Organized to coincide with the retrospective Childe Hassam, American Impressionist, this exhibition highlights works by Hassam's contemporaries in media in which he also excelled. James McNeill Whistler, Mary Cassatt, Winslow Homer, John Singer Sargent, and Maurice Prendergast are among the artists featured in this selection of about fifty-five works from the Museum's permanent collection. Because works on paper are sensitive to light and can be shown only for short periods of time, the exhibition offers a rare opportunity to view seldom-seen examples in many media. Also included are important recent acquisitions, such as Whistler's Variations in Violet and Grey—Market Place, Dieppe, 1885.
The exhibition is arranged thematically into three sections: the country, the city and built environment, and women in domestic settings. Each section includes watercolors, pastels and other drawings, and prints in a variety of media.
Along with the increasing sophistication of American artists in the late nineteenth century came an interest in using media that had either been forgotten or ignored. While experimenting in such "old" media as etching and pastel, the artists also helped professionalize watercolor, a medium previously associated principally with amateurs. Among other revelations in the exhibition is the level of experimentation engaged in by American artists in this period, and the suitability of the media to their subjects and technical interests. Etching, for example, provided graphic freedom, pastels were portable, and watercolors—also portable—were perfect for expressing the new interest in effects of sunlight.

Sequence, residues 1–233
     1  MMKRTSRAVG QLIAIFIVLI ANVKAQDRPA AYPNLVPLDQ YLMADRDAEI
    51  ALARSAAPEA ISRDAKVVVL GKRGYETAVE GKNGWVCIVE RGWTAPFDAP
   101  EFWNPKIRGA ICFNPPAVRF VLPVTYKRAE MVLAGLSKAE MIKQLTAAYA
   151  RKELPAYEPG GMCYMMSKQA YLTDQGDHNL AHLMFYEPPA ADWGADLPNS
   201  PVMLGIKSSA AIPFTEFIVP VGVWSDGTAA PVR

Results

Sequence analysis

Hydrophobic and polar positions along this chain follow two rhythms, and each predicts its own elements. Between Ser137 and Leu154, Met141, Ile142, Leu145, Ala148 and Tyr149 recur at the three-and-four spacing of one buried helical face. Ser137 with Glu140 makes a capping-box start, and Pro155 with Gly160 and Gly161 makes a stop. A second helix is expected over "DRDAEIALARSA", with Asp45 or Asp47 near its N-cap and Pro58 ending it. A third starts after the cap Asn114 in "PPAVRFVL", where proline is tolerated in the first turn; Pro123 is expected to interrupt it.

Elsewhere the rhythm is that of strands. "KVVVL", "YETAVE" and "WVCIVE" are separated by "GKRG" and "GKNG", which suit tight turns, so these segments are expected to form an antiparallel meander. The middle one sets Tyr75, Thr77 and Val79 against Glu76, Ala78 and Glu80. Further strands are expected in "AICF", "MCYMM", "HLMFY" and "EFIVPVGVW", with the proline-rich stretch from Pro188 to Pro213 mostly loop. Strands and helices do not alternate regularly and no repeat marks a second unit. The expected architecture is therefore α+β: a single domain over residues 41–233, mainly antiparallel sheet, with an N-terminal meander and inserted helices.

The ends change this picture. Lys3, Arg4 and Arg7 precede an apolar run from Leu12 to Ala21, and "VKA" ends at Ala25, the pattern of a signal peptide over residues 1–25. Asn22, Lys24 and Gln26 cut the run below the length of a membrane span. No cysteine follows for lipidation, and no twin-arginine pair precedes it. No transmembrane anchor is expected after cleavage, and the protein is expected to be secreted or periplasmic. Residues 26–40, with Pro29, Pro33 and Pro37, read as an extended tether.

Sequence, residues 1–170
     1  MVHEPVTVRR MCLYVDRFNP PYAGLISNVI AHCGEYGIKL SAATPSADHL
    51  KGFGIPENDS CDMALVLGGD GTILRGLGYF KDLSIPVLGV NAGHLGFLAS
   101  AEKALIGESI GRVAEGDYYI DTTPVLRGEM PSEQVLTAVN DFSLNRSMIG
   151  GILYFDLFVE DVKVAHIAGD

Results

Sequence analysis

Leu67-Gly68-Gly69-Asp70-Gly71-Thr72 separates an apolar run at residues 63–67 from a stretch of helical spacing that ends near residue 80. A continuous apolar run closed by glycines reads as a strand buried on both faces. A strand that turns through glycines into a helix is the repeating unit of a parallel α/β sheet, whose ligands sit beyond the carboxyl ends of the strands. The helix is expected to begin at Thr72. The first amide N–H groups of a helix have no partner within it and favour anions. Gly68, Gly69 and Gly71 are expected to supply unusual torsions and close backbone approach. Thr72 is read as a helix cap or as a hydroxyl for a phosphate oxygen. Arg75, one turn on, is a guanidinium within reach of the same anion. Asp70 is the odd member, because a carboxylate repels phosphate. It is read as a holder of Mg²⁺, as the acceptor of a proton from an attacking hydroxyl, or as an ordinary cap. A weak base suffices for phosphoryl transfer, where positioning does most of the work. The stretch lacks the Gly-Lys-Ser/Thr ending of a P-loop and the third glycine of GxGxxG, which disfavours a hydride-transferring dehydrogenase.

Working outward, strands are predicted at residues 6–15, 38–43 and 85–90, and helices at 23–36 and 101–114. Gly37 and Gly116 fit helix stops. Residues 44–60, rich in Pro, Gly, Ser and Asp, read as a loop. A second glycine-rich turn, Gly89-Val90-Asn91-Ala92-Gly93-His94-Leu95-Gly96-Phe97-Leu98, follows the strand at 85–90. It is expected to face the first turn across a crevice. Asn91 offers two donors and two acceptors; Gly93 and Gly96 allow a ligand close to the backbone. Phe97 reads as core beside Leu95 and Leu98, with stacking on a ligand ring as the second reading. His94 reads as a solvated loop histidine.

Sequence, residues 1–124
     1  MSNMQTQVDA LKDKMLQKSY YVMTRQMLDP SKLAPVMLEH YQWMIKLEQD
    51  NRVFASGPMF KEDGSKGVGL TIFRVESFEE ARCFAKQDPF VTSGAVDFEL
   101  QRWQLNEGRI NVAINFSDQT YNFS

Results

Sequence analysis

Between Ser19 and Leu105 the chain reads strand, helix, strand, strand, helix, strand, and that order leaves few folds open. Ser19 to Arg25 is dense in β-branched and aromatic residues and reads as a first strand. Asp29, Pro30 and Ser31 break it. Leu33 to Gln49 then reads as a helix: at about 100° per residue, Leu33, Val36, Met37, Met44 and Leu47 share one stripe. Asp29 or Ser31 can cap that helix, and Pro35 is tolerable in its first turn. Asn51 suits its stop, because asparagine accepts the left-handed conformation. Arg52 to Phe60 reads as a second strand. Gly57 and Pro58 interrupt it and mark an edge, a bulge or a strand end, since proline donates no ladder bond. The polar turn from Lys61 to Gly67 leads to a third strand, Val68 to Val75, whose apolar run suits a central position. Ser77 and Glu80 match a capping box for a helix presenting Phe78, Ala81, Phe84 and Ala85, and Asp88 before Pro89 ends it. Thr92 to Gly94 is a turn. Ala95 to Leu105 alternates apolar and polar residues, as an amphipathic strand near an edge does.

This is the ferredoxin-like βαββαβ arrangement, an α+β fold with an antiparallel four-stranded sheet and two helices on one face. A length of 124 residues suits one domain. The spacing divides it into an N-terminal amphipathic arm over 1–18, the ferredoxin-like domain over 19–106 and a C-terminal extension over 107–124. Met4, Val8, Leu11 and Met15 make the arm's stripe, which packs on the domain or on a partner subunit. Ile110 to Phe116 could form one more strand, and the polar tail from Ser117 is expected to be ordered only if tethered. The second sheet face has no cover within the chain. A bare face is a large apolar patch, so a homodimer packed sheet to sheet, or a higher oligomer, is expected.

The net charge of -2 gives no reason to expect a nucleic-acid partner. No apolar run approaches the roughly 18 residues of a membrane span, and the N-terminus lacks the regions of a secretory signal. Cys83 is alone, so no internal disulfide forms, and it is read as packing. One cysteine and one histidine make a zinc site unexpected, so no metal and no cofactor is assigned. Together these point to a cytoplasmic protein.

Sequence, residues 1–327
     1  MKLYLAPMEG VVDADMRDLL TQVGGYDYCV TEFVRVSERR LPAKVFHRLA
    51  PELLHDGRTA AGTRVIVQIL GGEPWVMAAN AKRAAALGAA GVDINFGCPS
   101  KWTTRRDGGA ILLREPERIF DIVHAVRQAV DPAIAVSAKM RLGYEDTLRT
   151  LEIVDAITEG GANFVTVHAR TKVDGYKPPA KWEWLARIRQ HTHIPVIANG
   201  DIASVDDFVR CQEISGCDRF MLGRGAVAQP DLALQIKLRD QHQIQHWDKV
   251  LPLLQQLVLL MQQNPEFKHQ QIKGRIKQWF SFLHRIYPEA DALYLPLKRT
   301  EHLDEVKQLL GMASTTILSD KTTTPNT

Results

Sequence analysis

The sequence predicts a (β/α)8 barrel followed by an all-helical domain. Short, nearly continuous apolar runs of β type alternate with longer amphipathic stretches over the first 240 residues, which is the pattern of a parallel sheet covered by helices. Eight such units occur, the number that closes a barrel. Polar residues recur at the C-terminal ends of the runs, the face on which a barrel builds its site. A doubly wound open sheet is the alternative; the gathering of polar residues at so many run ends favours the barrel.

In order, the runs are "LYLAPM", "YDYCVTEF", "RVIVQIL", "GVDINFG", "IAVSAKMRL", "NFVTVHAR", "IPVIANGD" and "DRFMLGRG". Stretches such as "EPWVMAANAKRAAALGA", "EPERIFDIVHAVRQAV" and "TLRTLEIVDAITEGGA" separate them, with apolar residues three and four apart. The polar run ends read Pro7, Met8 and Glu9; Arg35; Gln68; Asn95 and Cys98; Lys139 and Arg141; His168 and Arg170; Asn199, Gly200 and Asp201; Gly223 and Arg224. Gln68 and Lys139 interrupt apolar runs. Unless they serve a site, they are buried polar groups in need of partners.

Many of the artists represented in this exhibition were associated with—and, in some cases, were close friends of—Childe Hassam. Several of them were members of Ten American Painters, the exhibiting organization that Hassam helped to found in 1897. And others—most notably Homer, Whistler, and Cassatt—represented the earlier generation of artists that influenced Hassam.